For most of the time that I was in Iceland, I wished that I had a small pair of slippers. In Iceland, you leave your shoes at the door of the guesthouse. Only one guesthouse we stayed at provided slippers, and I was constantly wishing I had my own pair everywhere else. I know this makes me sound like an old lady, but sometimes old ladies have it totally spot on, so bring your own slippers! Find a pair that takes up no space in your bag but with some grip on the bottom so you don’t take a tumble, like these super cozy, cute, and comfy Memory Foam slippers!
Another piece of footwear that is super useful is a cheap pair of flip flops. Why? For all those hot pools of course! Wear the flip flops from the change room to the pool, from the pool to the bar, and back and again!
Iceland Road Trip Travel Tip #7: Pack light, but pack smart and for comfort. And buy the car charger!!!
Choose Your Road Trip Buddies Carefully
I am super wary of travelling with unknown folks, and the bigger the group the more hesitant I am to go along. When I figured I wanted to go to Iceland, I asked Dana because she is awesome, flexible, easy going, and I love her. Plus, we had travelled and done all kinds of fun adventures together in Kyrgyzstan, so I knew we were good.
I also hate listening to people talk all the time, and Dana and I are more than ok with driving along in quiet. To me, people who never shut up are the worst. Also, people who take too long to get ready in the morning. If you take more than 5 minutes in the bathroom ‘getting ready’, ugh!
The careful selection of a road trip buddy is crucial, because 12 days in a car with someone really is make or break. And the more people you add, the more room for error exists.
Be clear about what kinds of things you want to do in Iceland, the cost of accommodation you’re comfortable with, and the pace you want to move at. Travel styles collide at the best of times, but in a rental car, they can mushroom cloud into oblivion.
Iceland Road Trip Travel Tip #8: Choose your partners in crime wisely. Know yourself and don’t ignore red flags during trip planning for Iceland.
Bonus Travel Tip! Stay in a Budget Hostel near Keflavik Airport!
Keflavik Airport, where all international flights fly in and out of, is not right in Reykjavik. It’s actually a solid hour drive from the city centre. My departure time was 6am, which meant I needed to be at the airport by 4 am. Yikes. And I still had to drop off the rental car back at SadCars.
So I looked around and found Base Hostel, a clean well kept, and massive hostel only minutes from the airport and near most of the car rental agencies. Base was awesome and so freaking convenient. My room was a single private with a shared bathroom, there was a flat screen tv that I could watch Vikings on, and the laundry facilities were super cheap, so I was able to launder everything before packing it all up for Ireland. Something that was very much needed I will admit.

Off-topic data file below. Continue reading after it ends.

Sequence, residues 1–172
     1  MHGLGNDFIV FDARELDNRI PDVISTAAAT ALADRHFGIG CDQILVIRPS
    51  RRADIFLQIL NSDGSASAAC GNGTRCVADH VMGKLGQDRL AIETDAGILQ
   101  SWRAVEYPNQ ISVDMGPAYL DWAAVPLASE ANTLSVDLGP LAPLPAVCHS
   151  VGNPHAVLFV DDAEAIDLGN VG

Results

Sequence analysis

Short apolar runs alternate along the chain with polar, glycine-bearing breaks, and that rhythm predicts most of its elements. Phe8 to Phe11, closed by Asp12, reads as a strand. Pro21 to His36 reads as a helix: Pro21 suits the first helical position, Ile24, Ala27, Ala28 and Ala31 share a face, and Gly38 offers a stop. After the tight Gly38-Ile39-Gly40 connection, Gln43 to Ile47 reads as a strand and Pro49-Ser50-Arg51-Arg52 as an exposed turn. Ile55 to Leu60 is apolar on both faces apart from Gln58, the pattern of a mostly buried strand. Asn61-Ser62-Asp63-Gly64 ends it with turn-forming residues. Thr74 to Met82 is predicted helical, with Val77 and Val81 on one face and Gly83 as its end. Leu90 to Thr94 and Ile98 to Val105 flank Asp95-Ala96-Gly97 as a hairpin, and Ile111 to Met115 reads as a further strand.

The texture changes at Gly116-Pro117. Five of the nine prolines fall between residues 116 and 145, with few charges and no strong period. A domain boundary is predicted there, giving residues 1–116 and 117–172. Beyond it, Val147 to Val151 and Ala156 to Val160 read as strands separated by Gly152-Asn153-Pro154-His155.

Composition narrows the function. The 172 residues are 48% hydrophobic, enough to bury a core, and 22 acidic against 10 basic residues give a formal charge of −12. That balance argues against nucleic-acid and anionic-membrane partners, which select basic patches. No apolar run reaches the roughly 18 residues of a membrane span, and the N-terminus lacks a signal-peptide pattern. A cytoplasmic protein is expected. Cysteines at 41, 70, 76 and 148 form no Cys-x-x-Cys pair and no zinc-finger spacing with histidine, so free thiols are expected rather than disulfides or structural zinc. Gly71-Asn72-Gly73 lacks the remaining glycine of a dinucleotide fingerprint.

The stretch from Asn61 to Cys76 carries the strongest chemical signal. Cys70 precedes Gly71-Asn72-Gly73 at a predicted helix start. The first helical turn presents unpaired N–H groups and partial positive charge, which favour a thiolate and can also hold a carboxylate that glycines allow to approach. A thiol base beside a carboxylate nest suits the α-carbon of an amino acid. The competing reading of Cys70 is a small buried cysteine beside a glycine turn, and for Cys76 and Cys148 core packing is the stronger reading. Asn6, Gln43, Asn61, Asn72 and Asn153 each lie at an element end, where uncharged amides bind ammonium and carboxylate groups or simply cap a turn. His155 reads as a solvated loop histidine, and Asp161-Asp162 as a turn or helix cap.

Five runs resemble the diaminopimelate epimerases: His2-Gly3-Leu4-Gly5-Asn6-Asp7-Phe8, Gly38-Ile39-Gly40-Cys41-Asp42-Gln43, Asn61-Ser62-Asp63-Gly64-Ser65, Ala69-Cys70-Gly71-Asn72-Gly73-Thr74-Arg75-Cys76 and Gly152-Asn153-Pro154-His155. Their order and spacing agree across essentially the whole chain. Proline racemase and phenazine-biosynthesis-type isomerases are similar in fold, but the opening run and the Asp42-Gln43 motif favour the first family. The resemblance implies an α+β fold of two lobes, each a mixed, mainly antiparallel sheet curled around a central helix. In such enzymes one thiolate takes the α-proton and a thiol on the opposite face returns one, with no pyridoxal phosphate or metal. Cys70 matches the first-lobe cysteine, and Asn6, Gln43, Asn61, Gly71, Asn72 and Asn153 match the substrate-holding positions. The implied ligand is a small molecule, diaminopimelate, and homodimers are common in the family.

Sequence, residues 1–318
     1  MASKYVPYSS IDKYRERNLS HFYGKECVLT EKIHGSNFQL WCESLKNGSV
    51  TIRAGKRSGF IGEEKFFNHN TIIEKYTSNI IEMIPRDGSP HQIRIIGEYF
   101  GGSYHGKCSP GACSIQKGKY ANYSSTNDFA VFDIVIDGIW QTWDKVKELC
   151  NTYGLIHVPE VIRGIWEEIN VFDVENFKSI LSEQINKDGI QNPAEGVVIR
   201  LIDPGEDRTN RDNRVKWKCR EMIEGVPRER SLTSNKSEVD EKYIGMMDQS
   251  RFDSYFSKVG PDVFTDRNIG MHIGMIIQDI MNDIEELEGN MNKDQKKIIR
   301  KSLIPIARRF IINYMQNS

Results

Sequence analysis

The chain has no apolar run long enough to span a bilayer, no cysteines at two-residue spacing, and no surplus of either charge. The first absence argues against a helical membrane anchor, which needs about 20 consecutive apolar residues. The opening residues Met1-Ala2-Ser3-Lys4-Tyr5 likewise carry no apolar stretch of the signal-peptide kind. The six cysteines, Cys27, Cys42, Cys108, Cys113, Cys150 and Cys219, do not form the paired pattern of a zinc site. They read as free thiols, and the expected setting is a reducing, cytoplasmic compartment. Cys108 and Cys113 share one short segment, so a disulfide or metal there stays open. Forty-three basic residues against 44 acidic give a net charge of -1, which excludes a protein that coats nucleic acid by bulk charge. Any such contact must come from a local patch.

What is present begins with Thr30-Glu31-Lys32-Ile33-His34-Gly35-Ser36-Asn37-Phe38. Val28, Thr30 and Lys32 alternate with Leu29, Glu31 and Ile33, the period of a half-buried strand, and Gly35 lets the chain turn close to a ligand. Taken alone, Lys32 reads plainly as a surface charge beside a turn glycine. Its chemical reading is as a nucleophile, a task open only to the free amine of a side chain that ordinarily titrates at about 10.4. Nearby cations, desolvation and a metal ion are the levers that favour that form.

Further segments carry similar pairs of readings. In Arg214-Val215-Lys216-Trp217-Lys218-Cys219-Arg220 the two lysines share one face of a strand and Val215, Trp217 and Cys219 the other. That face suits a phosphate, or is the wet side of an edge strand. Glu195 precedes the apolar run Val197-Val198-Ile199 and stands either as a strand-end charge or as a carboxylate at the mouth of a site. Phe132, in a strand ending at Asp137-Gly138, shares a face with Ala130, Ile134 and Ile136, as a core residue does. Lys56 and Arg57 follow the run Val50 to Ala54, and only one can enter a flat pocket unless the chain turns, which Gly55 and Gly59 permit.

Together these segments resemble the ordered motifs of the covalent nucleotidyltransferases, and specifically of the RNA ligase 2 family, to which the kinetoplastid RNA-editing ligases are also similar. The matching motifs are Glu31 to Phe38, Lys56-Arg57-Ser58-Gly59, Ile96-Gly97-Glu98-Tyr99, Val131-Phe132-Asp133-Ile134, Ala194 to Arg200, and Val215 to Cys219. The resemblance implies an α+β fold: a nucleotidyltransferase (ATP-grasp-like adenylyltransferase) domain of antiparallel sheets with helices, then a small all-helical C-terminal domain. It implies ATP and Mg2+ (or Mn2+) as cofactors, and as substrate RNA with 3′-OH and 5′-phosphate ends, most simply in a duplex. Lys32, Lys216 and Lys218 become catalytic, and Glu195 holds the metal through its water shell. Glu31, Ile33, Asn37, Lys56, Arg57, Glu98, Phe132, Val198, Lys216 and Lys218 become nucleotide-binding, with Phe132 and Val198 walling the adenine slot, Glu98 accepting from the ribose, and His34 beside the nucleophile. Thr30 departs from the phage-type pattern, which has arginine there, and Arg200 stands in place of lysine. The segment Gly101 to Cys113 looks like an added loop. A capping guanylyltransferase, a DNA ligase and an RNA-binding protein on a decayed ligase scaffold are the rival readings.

The folks working at Base were very helpful with letting me use their phone and pointing me in the right direction of that community hot pool. I asked their opinion on some local sights, and they were honest saying meh, just go to the pool. 10-4! Don’t have to tell me twice.
Base is a great option for people either getting into Iceland at a weird time or leaving so early like me. It has a 24 hour reception, and being so massive, I don’t see getting into your room at strange hours to be much of a problem. There are some fantastic common areas for chilling and a well stocked kitchen (actually crazy stocked because people clearly clean out their food packs on their way out of country). Parking is easy, reception is in the red building, and the property is well secured. All in all, a perfect place to regroup after my trip through Iceland and to get ready for my next travel destination: Ireland!
Bonus Travel Tip: Stay at Base Hostel in Keflavik and be at the airport in no time!
Iceland is a phenomenal country, with so much to experience, unless you move there, you will probably never see it all. But road tripping the country is definitely the best way to see the most. The independence of having your own wheels means the trip is everything that you make it, and you can do as much or as little as you want.
Iceland is, dare I say, maybe one of my favourite countries. I know, it’s a bold statement. But it’s hard not to love a country that feels like the end of the earth with marvels at every turn! Plus, with Dana as my co-pilot, I had such a blast exploring the far reaches. I mean, does travel really get any better than this?